The government on Friday mandated the use of its contact tracing app Aarogya Setu in containment zones and for all public and private entity employees, raising questions about the privacy, legality and efficacy of such a measure.
In its annexure to the lockdown extension guidelines on Friday, the Ministry of Home Affairs said that for containment zones, “The local authority shall ensure 100% coverage of Aarogya Setu app among the residents of containment zones.”
It further said “Use of Aarogya Setu app shall be mandatory for all employees, both private and public It shall be the responsibility of the Head of the respective Organizations to ensure 100% coverage of this app among the employees.”
“In containment zones, one can argue that it is a limited circumference. But within a containment zone, it is not necessary that everyone will have a smartphone. Even if a there is a way being planned to involve feature phone users, then this is an app tracing or telecom tracing effort. Citizens being forced to install and facilitate surveillance is not conducive to health related efforts. It can be challenged,” said Raman Jit Singh Chima, Senior International Counsel and Asia Pacific Policy Director, Access Now.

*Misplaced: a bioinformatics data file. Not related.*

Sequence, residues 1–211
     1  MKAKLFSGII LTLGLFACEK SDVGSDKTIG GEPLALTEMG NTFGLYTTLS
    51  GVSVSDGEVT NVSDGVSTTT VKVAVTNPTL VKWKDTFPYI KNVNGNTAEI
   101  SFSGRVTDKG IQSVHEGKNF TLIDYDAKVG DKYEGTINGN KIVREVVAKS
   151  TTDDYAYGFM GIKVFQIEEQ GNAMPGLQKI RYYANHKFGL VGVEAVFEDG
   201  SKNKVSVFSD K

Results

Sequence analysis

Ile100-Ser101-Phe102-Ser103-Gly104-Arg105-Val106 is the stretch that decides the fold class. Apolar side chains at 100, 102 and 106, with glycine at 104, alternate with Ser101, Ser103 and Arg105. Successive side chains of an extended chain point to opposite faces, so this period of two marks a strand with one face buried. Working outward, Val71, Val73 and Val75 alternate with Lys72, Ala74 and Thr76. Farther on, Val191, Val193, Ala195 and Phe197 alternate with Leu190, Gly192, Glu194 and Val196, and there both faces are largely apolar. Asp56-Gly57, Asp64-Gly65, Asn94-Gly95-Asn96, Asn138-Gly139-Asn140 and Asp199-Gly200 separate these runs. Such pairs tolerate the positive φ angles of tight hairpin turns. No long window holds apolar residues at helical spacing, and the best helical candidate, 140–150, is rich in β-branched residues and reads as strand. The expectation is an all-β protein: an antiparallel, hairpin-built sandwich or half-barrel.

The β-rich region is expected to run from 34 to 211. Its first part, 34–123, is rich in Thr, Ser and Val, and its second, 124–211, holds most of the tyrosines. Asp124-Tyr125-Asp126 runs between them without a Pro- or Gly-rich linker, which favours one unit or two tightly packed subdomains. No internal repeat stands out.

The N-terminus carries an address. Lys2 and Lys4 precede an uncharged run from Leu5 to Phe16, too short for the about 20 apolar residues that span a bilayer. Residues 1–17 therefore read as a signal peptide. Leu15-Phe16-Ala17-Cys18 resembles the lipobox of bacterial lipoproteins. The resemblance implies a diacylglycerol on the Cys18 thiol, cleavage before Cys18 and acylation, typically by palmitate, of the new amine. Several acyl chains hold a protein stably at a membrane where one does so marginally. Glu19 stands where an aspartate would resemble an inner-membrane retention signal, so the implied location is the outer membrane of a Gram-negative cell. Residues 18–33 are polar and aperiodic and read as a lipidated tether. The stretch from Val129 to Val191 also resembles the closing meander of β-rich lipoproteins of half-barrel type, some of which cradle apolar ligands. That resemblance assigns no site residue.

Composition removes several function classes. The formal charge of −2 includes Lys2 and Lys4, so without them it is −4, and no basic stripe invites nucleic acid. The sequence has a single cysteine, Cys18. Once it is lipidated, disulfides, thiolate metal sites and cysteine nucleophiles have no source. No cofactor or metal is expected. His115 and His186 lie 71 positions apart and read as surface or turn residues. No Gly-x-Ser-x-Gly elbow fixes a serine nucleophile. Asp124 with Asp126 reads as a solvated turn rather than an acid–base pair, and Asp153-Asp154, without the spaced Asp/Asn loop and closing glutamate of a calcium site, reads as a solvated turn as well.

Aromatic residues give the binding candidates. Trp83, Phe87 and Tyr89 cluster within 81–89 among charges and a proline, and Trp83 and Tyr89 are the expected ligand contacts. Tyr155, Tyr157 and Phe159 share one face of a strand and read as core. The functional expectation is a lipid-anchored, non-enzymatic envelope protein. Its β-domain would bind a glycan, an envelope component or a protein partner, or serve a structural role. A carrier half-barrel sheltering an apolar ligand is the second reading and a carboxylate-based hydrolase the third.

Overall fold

The government had said earlier that it does not plan to make Aarogya Setu mandatory.
“India is the only democratic country that has mandated the use of a contact tracing app for its citizens. The mandatory use of such an app will further exclude sections of population which have been digitally excluded. The Government has gone back on its earlier promise on the Aarogya Setu app being voluntary,” said Prasanth Sugathan, legal director at Software Freedom Law Centre.
The lockdown and mandate to download Aarogya Setu has come under the Disaster management Act, 2005.
There is also the larger question of not making the source code of the app available for examination by the larger technology community. “This app is not secure, it’s source code is not open for examination and it’s security vulnerabilities are already being exploited. Why don’t Indians deserve a secure way of protecting them against the disease? Why can’t we do what all democracies are doing? We should open source the code, fix the vulnerabilities, ensure that in addition to the disease, our citizens don’t also have to worry about data theft or mass surveillance,” said Mishi Choudhary, Technology Lawyer and Founder SFLC.in.
In addition, asking employers to mandate the use of the app could face legal challenge.
“Also, the DMA is not applicable to private parties generally. If the government is trying to force employers to enforce this, they would have to bring an ordinance on labour matters – which could be challenged. An employer can say it is not legally binding because these are just guidelines from the Union government,” said Chima.
He further said that the medical tracing sector experts have been raising concerns about the tech sector is forcing app models. “There seem to be no contact tracers manning Aarogya Setu. It can generate false positives and potentially give inaccurate results, causing harm for individuals. The public health response needs to be adequate first,” he added.